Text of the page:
[lit-ideas] Re: The Philosopher's Show

  • From: Donal McEvoy <donalmcevoyuk@xxxxxxxxxxx>
  • To: "lit-ideas@xxxxxxxxxxxxx" <lit-ideas@xxxxxxxxxxxxx>
  • Date: Sun, 1 Jul 2012 20:01:45 +0100 (BST)

 From: "Jlsperanza@xxxxxxx" <Jlsperanza@xxxxxxx>

> The  implicature in Witters's 'key tenet' (as supplied by 
D. McEvoy) is that showing  is, regardless of whether I have properly 
understood McEvoy's intentions in  supplying it), somewhat _poorer_ than 

There is no such implicature: as the sense of 'what is said' is dependent on 
what may only be shown, that is reason enough that 'what may be shown' is of no 
"poorer" status than 'what is said'.

However, there is perhaps a difference between W's view in TLP and PI: in TLP, 
what is not contained in the TLP [i.e. what is shown by what is said there] is 
more fundamental than what is contained there [i.e. 'what is said' there]. This 
is not obviously W's view in PI, where it might be said that 'what may be shown 
but not said' and the sense of  'what is said' are inextricably linked but not 
in way where one is the poor relation of the other. 

In TLP, the "limits of language" mean we cannot speak with sense of matters 
that lie beyond the limits of natural science: beyond the limits of natural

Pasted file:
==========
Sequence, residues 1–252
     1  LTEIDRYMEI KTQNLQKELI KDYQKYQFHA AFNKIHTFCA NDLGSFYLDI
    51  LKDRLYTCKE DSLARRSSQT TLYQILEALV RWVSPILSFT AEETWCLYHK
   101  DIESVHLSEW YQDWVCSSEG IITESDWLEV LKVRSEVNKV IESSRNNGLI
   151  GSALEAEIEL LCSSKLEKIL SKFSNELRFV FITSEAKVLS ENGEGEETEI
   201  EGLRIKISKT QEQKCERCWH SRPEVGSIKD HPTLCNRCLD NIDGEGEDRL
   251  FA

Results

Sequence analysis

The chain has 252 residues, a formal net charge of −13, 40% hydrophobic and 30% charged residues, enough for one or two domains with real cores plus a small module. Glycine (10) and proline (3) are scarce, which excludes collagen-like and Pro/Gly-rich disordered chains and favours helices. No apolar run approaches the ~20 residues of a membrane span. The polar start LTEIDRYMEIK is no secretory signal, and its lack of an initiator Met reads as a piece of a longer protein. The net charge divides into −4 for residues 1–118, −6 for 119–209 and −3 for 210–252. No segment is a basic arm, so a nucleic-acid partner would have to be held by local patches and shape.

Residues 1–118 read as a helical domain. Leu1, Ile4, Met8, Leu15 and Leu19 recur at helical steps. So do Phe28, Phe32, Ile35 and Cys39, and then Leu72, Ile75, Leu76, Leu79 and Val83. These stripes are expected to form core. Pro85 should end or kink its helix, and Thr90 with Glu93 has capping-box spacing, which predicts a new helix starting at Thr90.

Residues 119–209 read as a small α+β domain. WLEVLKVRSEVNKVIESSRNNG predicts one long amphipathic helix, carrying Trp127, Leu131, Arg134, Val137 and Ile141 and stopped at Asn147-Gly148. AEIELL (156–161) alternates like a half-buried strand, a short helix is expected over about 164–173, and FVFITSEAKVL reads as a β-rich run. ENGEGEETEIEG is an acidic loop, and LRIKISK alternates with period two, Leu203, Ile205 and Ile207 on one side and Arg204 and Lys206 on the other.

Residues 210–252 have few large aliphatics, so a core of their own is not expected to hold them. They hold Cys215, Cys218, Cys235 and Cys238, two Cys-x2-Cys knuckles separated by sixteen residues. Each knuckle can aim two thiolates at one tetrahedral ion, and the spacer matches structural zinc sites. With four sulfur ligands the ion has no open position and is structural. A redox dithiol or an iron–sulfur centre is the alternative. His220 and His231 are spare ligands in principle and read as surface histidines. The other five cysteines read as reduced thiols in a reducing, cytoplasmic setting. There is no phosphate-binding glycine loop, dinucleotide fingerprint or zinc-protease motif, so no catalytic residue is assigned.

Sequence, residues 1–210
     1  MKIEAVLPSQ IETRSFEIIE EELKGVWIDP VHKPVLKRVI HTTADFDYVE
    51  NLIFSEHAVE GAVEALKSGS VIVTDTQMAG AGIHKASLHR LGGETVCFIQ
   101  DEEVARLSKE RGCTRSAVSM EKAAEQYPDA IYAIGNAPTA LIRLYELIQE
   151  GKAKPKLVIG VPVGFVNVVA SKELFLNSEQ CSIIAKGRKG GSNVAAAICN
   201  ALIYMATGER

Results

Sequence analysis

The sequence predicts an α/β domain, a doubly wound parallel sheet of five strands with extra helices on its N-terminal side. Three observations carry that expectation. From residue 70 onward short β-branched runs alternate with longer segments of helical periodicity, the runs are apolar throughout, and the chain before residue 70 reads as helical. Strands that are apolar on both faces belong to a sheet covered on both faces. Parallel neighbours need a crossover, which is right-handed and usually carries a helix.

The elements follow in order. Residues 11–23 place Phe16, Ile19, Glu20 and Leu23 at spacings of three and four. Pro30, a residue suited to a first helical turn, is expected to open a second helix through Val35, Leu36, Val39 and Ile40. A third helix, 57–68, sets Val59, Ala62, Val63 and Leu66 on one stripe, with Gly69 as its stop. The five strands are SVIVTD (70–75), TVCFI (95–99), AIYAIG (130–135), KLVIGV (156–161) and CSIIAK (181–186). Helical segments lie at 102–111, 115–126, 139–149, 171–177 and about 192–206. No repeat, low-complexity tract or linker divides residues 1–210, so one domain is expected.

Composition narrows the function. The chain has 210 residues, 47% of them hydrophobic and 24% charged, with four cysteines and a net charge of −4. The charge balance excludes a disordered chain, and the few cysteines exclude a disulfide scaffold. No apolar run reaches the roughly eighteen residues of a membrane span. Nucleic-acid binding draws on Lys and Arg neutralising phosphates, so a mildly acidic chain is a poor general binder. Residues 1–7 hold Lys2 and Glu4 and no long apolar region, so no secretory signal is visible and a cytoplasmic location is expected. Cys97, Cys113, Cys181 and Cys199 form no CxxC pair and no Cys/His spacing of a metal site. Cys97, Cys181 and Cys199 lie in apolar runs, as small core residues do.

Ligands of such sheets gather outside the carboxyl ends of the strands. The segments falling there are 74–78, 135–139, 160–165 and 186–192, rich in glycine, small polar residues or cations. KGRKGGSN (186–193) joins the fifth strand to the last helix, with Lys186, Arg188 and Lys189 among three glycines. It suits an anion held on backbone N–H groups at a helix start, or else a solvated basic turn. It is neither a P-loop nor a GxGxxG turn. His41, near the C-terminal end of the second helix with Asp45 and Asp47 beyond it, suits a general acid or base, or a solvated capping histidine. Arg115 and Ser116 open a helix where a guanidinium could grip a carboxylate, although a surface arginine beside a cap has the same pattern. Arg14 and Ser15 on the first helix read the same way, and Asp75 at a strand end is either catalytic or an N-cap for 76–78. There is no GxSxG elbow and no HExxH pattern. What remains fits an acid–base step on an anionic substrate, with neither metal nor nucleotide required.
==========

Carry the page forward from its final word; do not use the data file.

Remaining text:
science all we might do is show what the TLP shows. In PI, the "limits of 
language" also work as a check or restraint on philosophical talk and again as 
in TLP because philosophical talk misunderstands the logic of our language: so 
that there is a continuity here - so that, for example, the following claims 
are almost interchangeable: ‘[m]ost of the propositions and questions of 
philosophers arise from our failure to understand the logic of our language’ 
(TLP 4.003) and the problems that confront us in philosophy are rooted in ‘a
misunderstanding of the logic of our language’ (PI 93). And yet, and 
yet...there are arguably great differences and W's view of saying and showing 
may be one of them.

[The Euro Final has started, however, and I must go....in fact, there's just 
been a goal]


We may need an  elaboration on the semantics of 'show' -- or more, the 
semantics of _show_: the  phenomenon of showing. What semantics does it carry? 
Why is it that some item  that cannot be said can however be successfully 
shown? What is the HISTORY  behind Witters's 'key tenet'. Some relate it to 
Budda and the ineffable, but I  wouldn't know. I'm not so much interested in 
Witters's view on the limitations  of language, but rather in his epiphany, if 
that's the word, of 'show'.  Etc.



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